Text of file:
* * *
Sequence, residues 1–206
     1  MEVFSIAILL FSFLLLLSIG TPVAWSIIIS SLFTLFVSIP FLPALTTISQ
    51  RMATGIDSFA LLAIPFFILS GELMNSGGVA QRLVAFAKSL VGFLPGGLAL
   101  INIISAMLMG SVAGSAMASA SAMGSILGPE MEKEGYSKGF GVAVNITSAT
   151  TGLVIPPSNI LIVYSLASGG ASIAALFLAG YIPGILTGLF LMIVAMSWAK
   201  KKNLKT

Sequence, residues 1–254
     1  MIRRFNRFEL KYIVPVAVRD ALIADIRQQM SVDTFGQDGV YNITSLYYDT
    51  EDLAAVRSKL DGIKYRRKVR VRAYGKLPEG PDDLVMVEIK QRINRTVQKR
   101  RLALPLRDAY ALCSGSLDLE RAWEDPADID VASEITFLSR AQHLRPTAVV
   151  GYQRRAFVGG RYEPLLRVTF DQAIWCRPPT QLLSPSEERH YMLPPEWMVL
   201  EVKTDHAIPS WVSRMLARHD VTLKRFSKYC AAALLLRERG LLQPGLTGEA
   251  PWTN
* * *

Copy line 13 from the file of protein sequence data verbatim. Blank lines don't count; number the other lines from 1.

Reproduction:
   251  PWTN